Page:Notes on equitation and horse training.djvu/60

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XVI.

Easing the hand on the curb bit.—We have previously discussed the easing of the hand on the snaffle bit. The suppling exercise is the same when made on the curb bit, but in this case it should be followed by raising the head again.

The horse having yielded the jaw, loosen the fingers and continue the action of the legs in order to push the horse gently in pursuit of his bit. From the very beginning of training he has grown accustomed to lean lightly on the bit, and he therefore extends his neck and lowers his head to recover this customary support.

The extension of the neck will be sufficient and will be well executed whenever the horse, without increasing or decreasing the gait, extends his nose downward and forward to the level of the knees and keeps his jaw flexible.

The raising of the head is effected by carrying the hands forward and pulling upward on the reins, the legs still preventing any slowing up.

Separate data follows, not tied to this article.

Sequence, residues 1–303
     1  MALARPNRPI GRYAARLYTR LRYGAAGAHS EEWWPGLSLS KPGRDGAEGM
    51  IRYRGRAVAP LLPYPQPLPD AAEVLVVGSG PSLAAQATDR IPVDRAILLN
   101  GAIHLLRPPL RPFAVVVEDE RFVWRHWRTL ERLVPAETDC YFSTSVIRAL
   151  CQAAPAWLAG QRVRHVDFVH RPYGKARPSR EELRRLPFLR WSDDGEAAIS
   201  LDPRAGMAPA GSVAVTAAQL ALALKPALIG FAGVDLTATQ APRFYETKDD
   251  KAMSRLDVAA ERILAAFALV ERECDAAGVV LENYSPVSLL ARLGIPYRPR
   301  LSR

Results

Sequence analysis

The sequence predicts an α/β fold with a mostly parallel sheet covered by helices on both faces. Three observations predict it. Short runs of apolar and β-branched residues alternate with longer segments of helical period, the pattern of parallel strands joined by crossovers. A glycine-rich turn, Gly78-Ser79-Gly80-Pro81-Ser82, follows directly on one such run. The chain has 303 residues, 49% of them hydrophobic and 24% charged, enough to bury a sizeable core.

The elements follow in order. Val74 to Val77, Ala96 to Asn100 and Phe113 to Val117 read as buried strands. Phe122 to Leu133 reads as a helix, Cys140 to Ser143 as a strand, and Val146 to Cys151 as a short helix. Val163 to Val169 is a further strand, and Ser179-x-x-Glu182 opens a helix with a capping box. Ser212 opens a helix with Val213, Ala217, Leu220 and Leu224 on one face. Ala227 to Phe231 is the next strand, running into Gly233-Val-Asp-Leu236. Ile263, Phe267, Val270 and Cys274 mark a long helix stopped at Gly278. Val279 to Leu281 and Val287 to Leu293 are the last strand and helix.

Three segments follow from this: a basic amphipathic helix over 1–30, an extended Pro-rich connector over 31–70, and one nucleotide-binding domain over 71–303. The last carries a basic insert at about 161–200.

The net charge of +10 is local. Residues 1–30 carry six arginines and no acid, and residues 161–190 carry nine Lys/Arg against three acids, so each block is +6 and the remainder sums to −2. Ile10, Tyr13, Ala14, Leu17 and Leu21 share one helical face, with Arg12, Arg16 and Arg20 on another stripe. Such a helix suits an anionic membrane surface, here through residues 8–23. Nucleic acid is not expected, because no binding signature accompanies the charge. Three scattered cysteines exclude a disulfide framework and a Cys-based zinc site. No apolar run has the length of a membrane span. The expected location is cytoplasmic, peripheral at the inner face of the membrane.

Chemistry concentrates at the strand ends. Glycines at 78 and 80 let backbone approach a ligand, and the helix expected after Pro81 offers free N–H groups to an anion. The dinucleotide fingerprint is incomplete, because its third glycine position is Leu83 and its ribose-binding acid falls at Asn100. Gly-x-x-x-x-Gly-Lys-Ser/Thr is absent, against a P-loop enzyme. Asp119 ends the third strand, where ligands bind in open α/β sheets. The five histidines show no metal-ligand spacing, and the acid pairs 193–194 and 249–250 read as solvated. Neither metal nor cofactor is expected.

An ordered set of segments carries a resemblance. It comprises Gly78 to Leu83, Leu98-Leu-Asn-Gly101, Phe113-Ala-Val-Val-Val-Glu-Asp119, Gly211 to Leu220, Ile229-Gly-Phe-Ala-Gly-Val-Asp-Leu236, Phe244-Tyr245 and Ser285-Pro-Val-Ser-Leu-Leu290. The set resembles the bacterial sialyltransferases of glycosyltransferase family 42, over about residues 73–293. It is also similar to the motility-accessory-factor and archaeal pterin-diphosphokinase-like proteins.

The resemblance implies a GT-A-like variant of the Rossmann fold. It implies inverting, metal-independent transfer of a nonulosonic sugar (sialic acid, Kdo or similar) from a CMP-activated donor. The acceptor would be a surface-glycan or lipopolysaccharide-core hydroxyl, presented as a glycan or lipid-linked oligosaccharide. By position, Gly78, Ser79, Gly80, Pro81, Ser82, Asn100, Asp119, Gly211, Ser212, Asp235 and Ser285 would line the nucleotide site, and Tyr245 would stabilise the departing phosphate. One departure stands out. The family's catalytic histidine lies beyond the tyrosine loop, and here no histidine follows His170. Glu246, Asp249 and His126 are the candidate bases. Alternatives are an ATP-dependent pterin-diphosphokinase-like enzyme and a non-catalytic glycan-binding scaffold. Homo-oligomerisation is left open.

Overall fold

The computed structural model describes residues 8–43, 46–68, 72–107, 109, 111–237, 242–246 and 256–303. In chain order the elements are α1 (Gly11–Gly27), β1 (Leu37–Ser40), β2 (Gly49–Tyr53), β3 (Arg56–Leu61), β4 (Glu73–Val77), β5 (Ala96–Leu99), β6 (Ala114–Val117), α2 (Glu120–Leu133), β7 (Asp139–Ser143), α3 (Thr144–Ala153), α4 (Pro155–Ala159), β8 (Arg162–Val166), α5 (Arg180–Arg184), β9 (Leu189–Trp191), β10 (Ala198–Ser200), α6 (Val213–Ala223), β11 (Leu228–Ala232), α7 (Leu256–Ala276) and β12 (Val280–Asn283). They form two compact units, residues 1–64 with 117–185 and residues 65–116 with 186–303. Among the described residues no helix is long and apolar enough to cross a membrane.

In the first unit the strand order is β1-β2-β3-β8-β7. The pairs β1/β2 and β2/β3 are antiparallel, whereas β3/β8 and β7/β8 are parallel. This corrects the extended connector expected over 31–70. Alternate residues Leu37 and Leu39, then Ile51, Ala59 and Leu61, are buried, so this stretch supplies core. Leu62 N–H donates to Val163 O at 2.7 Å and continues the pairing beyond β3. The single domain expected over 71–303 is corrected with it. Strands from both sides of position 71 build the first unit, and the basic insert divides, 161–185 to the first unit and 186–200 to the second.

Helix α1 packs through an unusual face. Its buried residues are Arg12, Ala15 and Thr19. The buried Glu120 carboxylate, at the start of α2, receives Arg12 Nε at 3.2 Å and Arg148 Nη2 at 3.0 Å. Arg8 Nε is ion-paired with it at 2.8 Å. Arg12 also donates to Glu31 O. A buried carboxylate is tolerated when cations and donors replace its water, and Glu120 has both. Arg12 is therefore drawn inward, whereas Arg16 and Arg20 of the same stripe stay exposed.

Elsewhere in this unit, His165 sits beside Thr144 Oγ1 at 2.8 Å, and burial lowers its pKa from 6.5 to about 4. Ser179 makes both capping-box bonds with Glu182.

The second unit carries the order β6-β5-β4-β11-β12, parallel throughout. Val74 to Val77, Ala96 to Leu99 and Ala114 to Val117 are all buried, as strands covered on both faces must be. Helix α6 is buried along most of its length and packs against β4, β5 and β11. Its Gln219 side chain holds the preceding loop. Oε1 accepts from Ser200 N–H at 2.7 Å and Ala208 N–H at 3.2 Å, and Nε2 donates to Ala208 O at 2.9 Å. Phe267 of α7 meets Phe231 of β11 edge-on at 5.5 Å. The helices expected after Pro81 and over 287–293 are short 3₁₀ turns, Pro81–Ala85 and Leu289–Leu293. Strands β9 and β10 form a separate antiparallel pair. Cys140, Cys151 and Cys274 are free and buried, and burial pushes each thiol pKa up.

These suppling exercises should be repeated at a walk, trot, and gallop, and on the three lines.

Easing the hand is an exercise suitable for horses too high in front, with a high neck—that is, either upside down or ewe-necked—and for those with weak hind quarters, predisposed to injuries. It should be used very sparingly with horses that are high behind, especially if the withers are low and sunken, the shoulders straight, the neck thin, and the head large.

What should be understood by give and take—Action of the fingers on the reins.—As the horse should always be in close touch with the hand of the rider, the expression